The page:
Aiadava was a Dacian town in the Remesiana region, present day Bela Palanka, Serbia. After the Romans conquered Moesia in the 75 BC, the new castrum and municipium was known as Ulpianorum and Remesiana and laid on the Via Militaris road, between Naissus and Serdica. Emperor Justinian had following strongholds in the district of Remesiana: The patron saint of Romania, Nicetas of Remesiana, was a 4th-century bishop at Remesiana, of possible Dacian descent. Excavations include well-preserved castrum dating to 4th century, a hoard of 260 coins minted during the rule of Constantine I, Theodosius I, Tiberius Claudius Nero. Dacia List of ancient cities in Thrace and Dacia Archaeological Sites of Great Importance Remesiana Sorin Olteanu's Project: Linguae Thraco-Daco-Moesorum - Toponyms Section
There were a Theodosius II of Abkhazia, a Patriarch Theodosius II of Alexandria and a Theodosius II of Constantinople. Additionally, Pope Theodoros I of Alexandria is known as Theodosius II in Coptic history. Theodosius II surnamed Theodosius the Younger, or Theodosius the Calligrapher, was the Eastern Roman Emperor for most of his life, taking the throne as an infant in 402 and ruling as the Eastern Empire's sole emperor after the death of his father Arcadius in 408, he is known for promulgating the Theodosian law code, for the construction of the Theodosian Walls of Constantinople. He presided over the outbreak of two great Christological controversies and Eutychianism. Theodosius was born in 401 as the only son of Emperor Arcadius and his Frankish-born wife Aelia Eudoxia. In January 402 he was proclaimed co-Augustus by his father, thus becoming the youngest person to bear this title in Roman history. In 408, his father died and the seven-year-old boy became Emperor of the Eastern half of the Roman Empire.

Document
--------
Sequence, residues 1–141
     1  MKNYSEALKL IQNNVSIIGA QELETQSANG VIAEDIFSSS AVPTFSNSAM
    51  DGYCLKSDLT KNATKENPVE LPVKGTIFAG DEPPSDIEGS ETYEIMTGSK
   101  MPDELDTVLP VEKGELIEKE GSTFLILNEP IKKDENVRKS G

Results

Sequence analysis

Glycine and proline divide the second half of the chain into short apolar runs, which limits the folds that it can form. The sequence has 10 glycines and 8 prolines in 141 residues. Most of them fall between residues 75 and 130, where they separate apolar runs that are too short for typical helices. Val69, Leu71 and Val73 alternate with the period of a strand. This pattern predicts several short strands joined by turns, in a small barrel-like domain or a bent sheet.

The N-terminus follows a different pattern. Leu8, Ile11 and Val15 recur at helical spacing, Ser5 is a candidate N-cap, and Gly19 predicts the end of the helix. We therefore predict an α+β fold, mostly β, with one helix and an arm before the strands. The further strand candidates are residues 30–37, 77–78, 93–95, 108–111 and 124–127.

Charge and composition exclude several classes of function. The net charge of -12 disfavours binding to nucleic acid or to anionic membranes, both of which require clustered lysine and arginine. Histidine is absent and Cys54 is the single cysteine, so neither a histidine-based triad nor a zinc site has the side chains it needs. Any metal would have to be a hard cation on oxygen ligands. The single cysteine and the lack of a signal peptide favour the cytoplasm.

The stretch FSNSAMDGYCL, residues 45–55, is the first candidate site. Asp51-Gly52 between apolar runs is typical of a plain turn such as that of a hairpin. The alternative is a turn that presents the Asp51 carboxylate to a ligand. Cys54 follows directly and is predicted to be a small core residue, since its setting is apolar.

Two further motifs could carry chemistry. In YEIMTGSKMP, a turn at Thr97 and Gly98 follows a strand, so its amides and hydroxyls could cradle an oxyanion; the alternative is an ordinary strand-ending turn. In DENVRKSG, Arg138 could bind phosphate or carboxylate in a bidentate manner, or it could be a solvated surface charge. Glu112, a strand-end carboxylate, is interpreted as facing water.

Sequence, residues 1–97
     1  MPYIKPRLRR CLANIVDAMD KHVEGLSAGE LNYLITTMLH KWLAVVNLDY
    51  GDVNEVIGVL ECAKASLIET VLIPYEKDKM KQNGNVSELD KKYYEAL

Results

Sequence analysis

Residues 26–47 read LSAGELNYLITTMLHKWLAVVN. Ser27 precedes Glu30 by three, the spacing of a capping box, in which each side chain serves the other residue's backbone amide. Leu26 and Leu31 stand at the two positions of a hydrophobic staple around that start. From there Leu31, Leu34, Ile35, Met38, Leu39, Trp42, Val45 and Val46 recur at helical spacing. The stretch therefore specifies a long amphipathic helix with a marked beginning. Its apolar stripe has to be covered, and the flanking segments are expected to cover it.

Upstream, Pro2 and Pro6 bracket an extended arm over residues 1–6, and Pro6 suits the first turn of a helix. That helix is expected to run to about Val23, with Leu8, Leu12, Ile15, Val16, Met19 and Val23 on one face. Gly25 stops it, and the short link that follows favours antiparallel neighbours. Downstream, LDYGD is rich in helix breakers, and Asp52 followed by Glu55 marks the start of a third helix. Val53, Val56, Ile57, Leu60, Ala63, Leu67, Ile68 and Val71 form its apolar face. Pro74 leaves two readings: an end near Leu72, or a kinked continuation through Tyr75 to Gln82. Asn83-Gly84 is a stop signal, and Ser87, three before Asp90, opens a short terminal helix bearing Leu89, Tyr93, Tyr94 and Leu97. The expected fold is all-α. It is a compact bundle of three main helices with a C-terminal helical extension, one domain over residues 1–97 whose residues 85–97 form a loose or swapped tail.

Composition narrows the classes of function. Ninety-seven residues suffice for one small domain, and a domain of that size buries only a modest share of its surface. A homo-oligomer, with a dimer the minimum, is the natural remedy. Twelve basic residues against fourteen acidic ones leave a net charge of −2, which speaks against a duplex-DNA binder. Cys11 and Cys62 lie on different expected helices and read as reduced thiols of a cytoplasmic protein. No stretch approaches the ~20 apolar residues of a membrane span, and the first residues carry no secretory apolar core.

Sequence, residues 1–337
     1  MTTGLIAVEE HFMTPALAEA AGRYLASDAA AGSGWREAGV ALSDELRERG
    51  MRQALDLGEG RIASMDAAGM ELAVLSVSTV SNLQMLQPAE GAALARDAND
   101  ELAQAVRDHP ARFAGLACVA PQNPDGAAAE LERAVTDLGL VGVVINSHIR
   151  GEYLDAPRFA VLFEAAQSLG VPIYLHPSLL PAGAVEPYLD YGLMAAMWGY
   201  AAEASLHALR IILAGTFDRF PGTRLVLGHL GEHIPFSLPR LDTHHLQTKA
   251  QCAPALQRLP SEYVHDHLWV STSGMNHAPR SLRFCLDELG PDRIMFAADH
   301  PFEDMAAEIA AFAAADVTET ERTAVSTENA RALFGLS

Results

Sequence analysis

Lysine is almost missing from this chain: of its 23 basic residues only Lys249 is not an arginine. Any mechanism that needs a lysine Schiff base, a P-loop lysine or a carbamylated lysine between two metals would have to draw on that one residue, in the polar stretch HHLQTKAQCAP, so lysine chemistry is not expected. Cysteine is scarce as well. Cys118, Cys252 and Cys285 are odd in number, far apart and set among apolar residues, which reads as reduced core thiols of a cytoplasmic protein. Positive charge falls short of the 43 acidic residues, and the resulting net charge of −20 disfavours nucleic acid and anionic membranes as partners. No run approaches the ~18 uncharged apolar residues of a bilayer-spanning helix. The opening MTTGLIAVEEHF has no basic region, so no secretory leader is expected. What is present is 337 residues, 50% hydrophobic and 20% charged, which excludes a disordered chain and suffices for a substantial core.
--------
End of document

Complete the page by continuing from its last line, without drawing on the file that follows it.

According to Procopius, the Sasanian king Yazdegerd I was appointed by Arcadius as the guardian of Theodosius, whom Yazdegerd treated as his own child, sending a tutor to raise him and warning that enmity toward him would be taken as enmity toward Persia. Government was at first by the Praetorian Prefect Anthemius, under whose supervision the Theodosian land walls of Constantinople were constructed. In 414, Theodosius' older sister Pulcheria was assumed the regency. By 416 Theodosius was declared Augustus in his own right and the regency ended, but his sister remained a strong influence on him. In June 421, Theodosius married a woman of Greek origin; the two had a daughter named Licinia Eudoxia. A separation occurred between the imperial couple, with Eudocia's establishment in Jerusalem where she favoured monastic Monophysitism and Pulcheria reassuming an influential role with the support of the eunuch Chrysaphius. Theodosius' increasing interest in Christianity, fuelled by the influence of Pulcheria, led him to go to war against the Sassanids, who were persecuting Christians.
In 423, the Western Emperor Honorius, Theodosius' uncle and the primicerius notariorum Joannes was proclaimed Emperor. Honorius' sister Galla Placidia and her young son Valentinian fled to Constantinople to seek Eastern assistance and after some deliberation in 424 Theodosius opened the war against Joannes. On 23 October 425, Valentinian III was installed as Emperor of the West with the assistance of the magister officiorum Helion, with his mother acting as regent. To strengthen the ties between the two parts of the Empire, Theodosius' daughter Licinia Eudoxia was betrothed to Valentinian. In 425, Theodosius founded the University of Constantinople with 31 chairs. Among the subjects were law, medicine, geometry, astronomy and rhetoric. In 429, Theodosius appointed a commission to collect all of the laws since the reign of Constantine I, create a formalized system of law; this plan was left unfinished, but the work of a second commission that met in Constantinople, assigned to collect all of the general legislations and bring them up to date, was completed.